Researching the Next Step

Been doing some more musings on replacement cars… this is a bit long, and a lot of it is for my reference.

Honda Fit. I’m still trying to decide between the base trim and the sport trim. The sport trim adds some options I want (200w AM/FM/CD with Aux jack, alarm system, perhaps cruise control), but a lot of stuff I don’t (fog lights, spoiler, 15″ wheels, leather steering wheel, shift controls on wheel)… and costs a little over $1,200 more (the base is $14,036 invoice/$14,650 MSRP; the sport is $15,297 invoice/$15,970 MSRP). If I went with the base, I’d want the following dealer-installed options [more info on each] (which I can’t price easily): Locking Fuel Filler Cap, Security System With Remote Entry*, Apple® iPod® Music Link® [if this is what adds the “Aux” port]*, Floor Mats, Cargo Cover, and the Cargo Tray [*d items are standard on the Sport]. I don’t know what this would add to the price. I think the choice will boil down to what is available on the lots, as this car is in short supply. Most of the standard stuff is just fine (including a decent sound system). It also has a 5-* safety rating. It does have a Drive-By-Wire Throttle System(TM) Drive-By-Wire Control for Throttle, which makes us a little nervous (same reason we don’t like Airbus), but I think all cars are heading in this direction. The Fit also has a lot of different modes, which give it quite a lot of space.As for colors: I’m thinking (in order): Taffeta White w/Beige Int., Lunar Mist Mettalic w/Beige Int., Storm Silver w/Black Int., or Vivid Blue w/Black, Reading the reviews on Yahoo, there may be some first model year problems, but those are usually the outlyers.

Toyota Matrix. This car is slightly more expensive, gets slightly lower gas milage, but is roomier and heavier. It has a fair number of standard features, but we would need to add a lot of options that drive up the price: 4-Speed Automatic Transmission With Overdrive, Vehicle Stability Control System, 4-Wheel Anti-Lock Brakes, possibly Cruise Control, Driver and front passenger front seat-mounted side airbags and front and rear side curtain airbags, Electronic Brake-force Distribution (EBD) and Tire Pressure Monitor, Intermittent Rear Wiper/Washer, Power Package, … plus the following dealer accessories: Toyota Vehicle Intrusion Protection (V.I.P.), Carpeted Floor Mats, Cargo Organizer, and a Cargo Cover if they have it. According to Edmunds, this brings the cost of the vehicle to $17,986 invoice, $19,712 MSRP. Reading the reviews, they seem to be mostly good, with the occasional problems. I’ll note this is the same thing as the Pontiac Vibe, but the Matrix has a lower invoice price. The Vibe may have incentives, but I’m not sure they would offset the difference.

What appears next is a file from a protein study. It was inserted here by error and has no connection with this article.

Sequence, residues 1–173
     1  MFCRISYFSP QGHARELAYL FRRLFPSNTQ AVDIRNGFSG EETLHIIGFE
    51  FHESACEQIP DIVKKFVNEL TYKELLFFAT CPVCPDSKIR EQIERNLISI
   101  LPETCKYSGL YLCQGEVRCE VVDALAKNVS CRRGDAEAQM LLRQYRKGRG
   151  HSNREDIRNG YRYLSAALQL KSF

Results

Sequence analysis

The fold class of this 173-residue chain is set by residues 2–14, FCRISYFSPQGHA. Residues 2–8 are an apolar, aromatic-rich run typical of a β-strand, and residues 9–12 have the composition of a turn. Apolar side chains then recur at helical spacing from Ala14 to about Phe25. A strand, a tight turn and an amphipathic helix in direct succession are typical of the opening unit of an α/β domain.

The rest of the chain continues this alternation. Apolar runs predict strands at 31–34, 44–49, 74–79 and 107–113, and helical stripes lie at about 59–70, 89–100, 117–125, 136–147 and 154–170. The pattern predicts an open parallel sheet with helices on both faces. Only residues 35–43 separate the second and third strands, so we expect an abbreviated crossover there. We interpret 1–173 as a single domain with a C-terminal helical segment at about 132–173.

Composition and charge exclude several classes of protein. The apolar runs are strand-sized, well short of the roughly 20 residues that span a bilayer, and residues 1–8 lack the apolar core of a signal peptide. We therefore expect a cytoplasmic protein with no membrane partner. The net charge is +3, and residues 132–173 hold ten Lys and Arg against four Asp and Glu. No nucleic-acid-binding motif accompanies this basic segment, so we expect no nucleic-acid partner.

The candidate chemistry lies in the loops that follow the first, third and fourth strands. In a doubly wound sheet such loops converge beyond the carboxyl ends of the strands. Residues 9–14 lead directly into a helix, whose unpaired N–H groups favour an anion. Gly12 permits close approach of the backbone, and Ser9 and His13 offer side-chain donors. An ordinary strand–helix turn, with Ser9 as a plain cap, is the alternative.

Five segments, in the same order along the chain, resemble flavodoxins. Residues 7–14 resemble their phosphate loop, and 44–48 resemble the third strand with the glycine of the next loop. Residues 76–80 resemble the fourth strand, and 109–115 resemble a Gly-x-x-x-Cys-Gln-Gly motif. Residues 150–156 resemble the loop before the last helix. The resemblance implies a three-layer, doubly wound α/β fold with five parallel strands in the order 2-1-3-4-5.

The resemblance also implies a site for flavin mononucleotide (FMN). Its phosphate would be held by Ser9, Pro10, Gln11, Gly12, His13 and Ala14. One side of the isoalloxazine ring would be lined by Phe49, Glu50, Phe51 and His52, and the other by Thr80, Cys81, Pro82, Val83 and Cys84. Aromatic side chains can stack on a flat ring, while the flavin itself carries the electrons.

Scion xB. An odd looking car, very boxy. Very in with the “kids”. Inside, it is surprisingly roomy in the passenger area, although there is very little storage in the bag. To fit in my tubs of games, I would have to fold down the seats. The base car is a little cheaper than the Fit, but I would need to add an automatic transmission, raising the price a bit to $14,088 invoice, $14,830 MSRP. I’d want to add some dealer accessories: Pioneer® AM/FM Radio With iPod® Control, Floor Mats, Fold-Down Center Armrest, Scion Security, Cargo Cover, Cargo Net, and I don’t know the cost of those. The standard features are impressive. The reviews are a bit better than either the Matrix or the Fit, but that could reflect the younger-skew of the Internet (the car is geared towards net-heads).

Here is an overall comparison of all three. You might be wondering which cars were runner-ups. Here’s the list, unordered: Mazda 3 Hatchback [more expensive than the others, slightly lower reliability, built on the Volvo platform and partially owned by Ford]; Toyota Yaris 3-dr Liftback [just too small, and only a 2-door]; Scion xA Hatchback [smaller than the xB, which was borderline]; Scion tC Sport Coupe [although a hatchback, only a 2-door, plus the sporty nature would make insurance higher]; Nissan Versa [although it looks good, it is not quite in the showrooms yet, and Nissan quality of late has been spottier].

What is the timeline for this? This morning, my wife went down to clean the last stuff from the car (I would like to, but that just didn’t work out schedule-wise… and thus, I really don’t get to say “goodbye” to the car… as if it knows). She was also going to post some pictures, which I’ll post as soon as I have them, along with a summary of the damage. The shop has pulled out the aftermarket radio we put in: we might be able to sell that. We’re then planning on releasing the car to the second estimator, who is the one who confirms that it is totalled and comes up with the initial offer. We expect to counter that initial offer with evidence of excellent maintenance, low milage, etc, which should raise it some. Once we know it is totalled for sure, we’ll start going out to actually buy the new car (we don’t need to wait on the check; we’ll just deposit that back into whatever account from which we pay for the car). The only time-limiting factor is that we only have the rental for 3-days after they give us the check. My guess, since I’m working from home Wednesday next week, is that will be the day we’ll go get the new car, if we have found the right dealer and the price.

Now, about that last sentence. Given that AAA is our insurance and they work with car dealers on replacement cars, our first line of attack will be to work with AAA and our favorite Honda and Toyota Dealers. We will have researched the invoice price, and will also contact fleet managers (faxing all local dealers) with offers. We’ll also work through the credit union fleet office. We may also go the internet query route (which is much easier now than in 1999 when I purchased the Civic).

So that’s what I know at this point.